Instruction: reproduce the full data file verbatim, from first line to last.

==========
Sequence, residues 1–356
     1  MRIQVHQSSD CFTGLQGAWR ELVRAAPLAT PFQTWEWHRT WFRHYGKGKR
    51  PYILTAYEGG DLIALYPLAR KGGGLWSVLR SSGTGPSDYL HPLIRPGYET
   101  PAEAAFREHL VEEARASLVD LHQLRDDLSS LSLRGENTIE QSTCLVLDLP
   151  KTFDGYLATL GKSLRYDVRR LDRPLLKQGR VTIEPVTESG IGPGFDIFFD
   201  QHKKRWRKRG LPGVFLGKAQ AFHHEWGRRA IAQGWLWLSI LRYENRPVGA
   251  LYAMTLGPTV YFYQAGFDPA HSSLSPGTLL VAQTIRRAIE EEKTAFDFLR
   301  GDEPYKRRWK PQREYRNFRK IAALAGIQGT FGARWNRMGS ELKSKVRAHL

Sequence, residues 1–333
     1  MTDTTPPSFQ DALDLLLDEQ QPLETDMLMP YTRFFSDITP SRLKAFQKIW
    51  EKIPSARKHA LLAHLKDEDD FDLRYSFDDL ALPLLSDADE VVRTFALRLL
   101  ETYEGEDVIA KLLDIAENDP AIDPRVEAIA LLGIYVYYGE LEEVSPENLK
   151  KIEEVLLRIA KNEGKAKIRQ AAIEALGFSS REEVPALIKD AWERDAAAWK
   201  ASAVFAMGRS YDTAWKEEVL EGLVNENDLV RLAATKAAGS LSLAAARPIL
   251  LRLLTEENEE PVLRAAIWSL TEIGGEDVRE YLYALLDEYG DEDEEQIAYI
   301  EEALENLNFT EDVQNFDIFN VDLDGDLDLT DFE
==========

Sequence, residues 1–356
     1  MRIQVHQSSD CFTGLQGAWR ELVRAAPLAT PFQTWEWHRT WFRHYGKGKR
    51  PYILTAYEGG DLIALYPLAR KGGGLWSVLR SSGTGPSDYL HPLIRPGYET
   101  PAEAAFREHL VEEARASLVD LHQLRDDLSS LSLRGENTIE QSTCLVLDLP
   151  KTFDGYLATL GKSLRYDVRR LDRPLLKQGR VTIEPVTESG IGPGFDIFFD
   201  QHKKRWRKRG LPGVFLGKAQ AFHHEWGRRA IAQGWLWLSI LRYENRPVGA
   251  LYAMTLGPTV YFYQAGFDPA HSSLSPGTLL VAQTIRRAIE EEKTAFDFLR
   301  GDEPYKRRWK PQREYRNFRK IAALAGIQGT FGARWNRMGS ELKSKVRAHL

Sequence, residues 1–333
     1  MTDTTPPSFQ DALDLLLDEQ QPLETDMLMP YTRFFSDITP SRLKAFQKIW
    51  EKIPSARKHA LLAHLKDEDD FDLRYSFDDL ALPLLSDADE VVRTFALRLL
   101  ETYEGEDVIA KLLDIAENDP AIDPRVEAIA LLGIYVYYGE LEEVSPENLK
   151  KIEEVLLRIA KNEGKAKIRQ AAIEALGFSS REEVPALIKD AWERDAAAWK
   201  ASAVFAMGRS YDTAWKEEVL EGLVNENDLV RLAATKAAGS LSLAAARPIL
   251  LRLLTEENEE PVLRAAIWSL TEIGGEDVRE YLYALLDEYG DEDEEQIAYI
   301  EEALENLNFT EDVQNFDIFN VDLDGDLDLT DFE